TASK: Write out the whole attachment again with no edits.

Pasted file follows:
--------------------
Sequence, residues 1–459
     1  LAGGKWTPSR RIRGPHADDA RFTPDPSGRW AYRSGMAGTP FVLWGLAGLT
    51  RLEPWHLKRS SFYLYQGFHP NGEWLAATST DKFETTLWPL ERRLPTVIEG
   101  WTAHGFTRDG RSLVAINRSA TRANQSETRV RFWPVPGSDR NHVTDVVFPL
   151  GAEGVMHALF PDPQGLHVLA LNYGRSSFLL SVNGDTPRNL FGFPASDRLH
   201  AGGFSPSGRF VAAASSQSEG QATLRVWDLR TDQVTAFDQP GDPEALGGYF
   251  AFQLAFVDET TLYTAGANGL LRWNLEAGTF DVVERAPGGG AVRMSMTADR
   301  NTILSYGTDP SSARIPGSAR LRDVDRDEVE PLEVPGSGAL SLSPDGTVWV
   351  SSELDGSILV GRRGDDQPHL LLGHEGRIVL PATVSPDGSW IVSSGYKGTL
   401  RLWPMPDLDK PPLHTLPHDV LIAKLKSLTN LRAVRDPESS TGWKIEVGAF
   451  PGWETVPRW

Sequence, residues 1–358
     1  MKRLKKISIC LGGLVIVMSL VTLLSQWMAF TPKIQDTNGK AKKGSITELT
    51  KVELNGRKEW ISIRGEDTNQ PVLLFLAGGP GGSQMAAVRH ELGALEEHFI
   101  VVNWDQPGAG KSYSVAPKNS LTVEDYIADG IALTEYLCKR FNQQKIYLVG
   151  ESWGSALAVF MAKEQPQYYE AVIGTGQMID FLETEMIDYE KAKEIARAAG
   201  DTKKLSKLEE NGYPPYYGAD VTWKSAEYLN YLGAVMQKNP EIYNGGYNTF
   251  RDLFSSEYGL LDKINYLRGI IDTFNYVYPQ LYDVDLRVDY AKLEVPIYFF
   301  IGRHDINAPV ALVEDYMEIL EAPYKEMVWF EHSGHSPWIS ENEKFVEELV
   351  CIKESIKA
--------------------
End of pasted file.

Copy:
Sequence, residues 1–459
     1  LAGGKWTPSR RIRGPHADDA RFTPDPSGRW AYRSGMAGTP FVLWGLAGLT
    51  RLEPWHLKRS SFYLYQGFHP NGEWLAATST DKFETTLWPL ERRLPTVIEG
   101  WTAHGFTRDG RSLVAINRSA TRANQSETRV RFWPVPGSDR NHVTDVVFPL
   151  GAEGVMHALF PDPQGLHVLA LNYGRSSFLL SVNGDTPRNL FGFPASDRLH
   201  AGGFSPSGRF VAAASSQSEG QATLRVWDLR TDQVTAFDQP GDPEALGGYF
   251  AFQLAFVDET TLYTAGANGL LRWNLEAGTF DVVERAPGGG AVRMSMTADR
   301  NTILSYGTDP SSARIPGSAR LRDVDRDEVE PLEVPGSGAL SLSPDGTVWV
   351  SSELDGSILV GRRGDDQPHL LLGHEGRIVL PATVSPDGSW IVSSGYKGTL
   401  RLWPMPDLDK PPLHTLPHDV LIAKLKSLTN LRAVRDPESS TGWKIEVGAF
   451  PGWETVPRW

Sequence, residues 1–358
     1  MKRLKKISIC LGGLVIVMSL VTLLSQWMAF TPKIQDTNGK AKKGSITELT
    51  KVELNGRKEW ISIRGEDTNQ PVLLFLAGGP GGSQMAAVRH ELGALEEHFI
   101  VVNWDQPGAG KSYSVAPKNS LTVEDYIADG IALTEYLCKR FNQQKIYLVG
   151  ESWGSALAVF MAKEQPQYYE AVIGTGQMID FLETEMIDYE KAKEIARAAG
   201  DTKKLSKLEE NGYPPYYGAD VTWKSAEYLN YLGAVMQKNP EIYNGGYNTF
   251  RDLFSSEYGL LDKINYLRGI IDTFNYVYPQ LYDVDLRVDY AKLEVPIYFF
   301  IGRHDINAPV ALVEDYMEIL EAPYKEMVWF EHSGHSPWIS ENEKFVEELV
   351  CIKESIKA